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Future of Swift Co. offenders program still up in the air after meeting

BENSON -- An abrupt adjournment to the Swift County Board of Commissioners meeting this week could signal the end of the county's 30-year-old sentence-to-service program.

As the commissioners were discussing whether or not to continue operating their sentence-to-service program, which will cost counties more starting July 1 because the state has cut its share in half, a motion was made to adjourn the meeting, which cut off further discussion about the program's future.

The motion to adjourn was approved on a split vote with Commissioners Gary Hendrickx, Joe Fox and Dick Hanson voting yes and Commissioners Doug Anderson and Pete Peterson voting no.

The situation created an "awkward" moment as the commissioners got up to leave the meeting, said Auditor Byron Giese.

The vote to adjourn essentially means Swift County will no longer operate its sentence-to-service program, which it shares with Big Stone County.

"As it sits today, our program is done," said Giese.

Counties needed to give the state a 30-day notice if it intended to continue its contract with the state before the cost shift is made July 1.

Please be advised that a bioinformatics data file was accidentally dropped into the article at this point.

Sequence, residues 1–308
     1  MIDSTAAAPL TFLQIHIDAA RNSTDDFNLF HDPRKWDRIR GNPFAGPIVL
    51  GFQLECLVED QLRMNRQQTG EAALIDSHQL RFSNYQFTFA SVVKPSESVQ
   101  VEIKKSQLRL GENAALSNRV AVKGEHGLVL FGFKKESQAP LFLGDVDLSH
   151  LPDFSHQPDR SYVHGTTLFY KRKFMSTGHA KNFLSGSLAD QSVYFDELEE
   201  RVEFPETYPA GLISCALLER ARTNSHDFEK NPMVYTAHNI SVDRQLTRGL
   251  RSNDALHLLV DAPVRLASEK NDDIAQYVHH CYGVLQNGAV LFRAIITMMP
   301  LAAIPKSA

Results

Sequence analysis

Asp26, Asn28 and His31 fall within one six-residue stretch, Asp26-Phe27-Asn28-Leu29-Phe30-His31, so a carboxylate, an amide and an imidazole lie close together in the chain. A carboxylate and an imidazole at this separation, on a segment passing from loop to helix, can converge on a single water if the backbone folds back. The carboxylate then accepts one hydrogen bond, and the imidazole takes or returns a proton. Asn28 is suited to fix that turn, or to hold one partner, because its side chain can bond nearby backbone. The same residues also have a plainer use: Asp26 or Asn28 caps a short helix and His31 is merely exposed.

Not taking any action means the county rejected the new contract and higher fees, Giese said.

The sentence-to-service program allows adults and juveniles convicted of crimes to work off fines and fees by doing community service work. For about a half-dozen years, Swift County and Big Stone County have shared a coordinator position and split the local costs.

Currently, Swift County pays $25,000 for its share of the program. Starting July 1, the fee would be $37,000 because the state will pay only 25 percent of the cost. The state currently pays 50 percent.

At the same time, Swift County pays $9,000 in fees as part of its joint powers agreement with the Region 6W Development Commission in Montevideo for corrections services, including a sentence-to-service program.

Swift County utilizes other corrections services through Region 6W but not the sentence-to-service program.

The commissioners did not take action on requesting that additional service from Region 6W, said Giese, although there has been communication with the agency and the issue is expected to be addressed again next month.

Giese said Chief Deputy Sheriff John Holtz and County Attorney Robin Finke told the commissioners they wanted some kind of sentence-to-service program operating in the county.

Kandiyohi County, meanwhile, has agreed to take over the sentence-to-service program for Big Stone County, said Kandiyohi County Sheriff Dan Hartog.

Carolyn Lange

A reporter for 35 years, Carolyn Lange covers regional news with the West Central Tribune.

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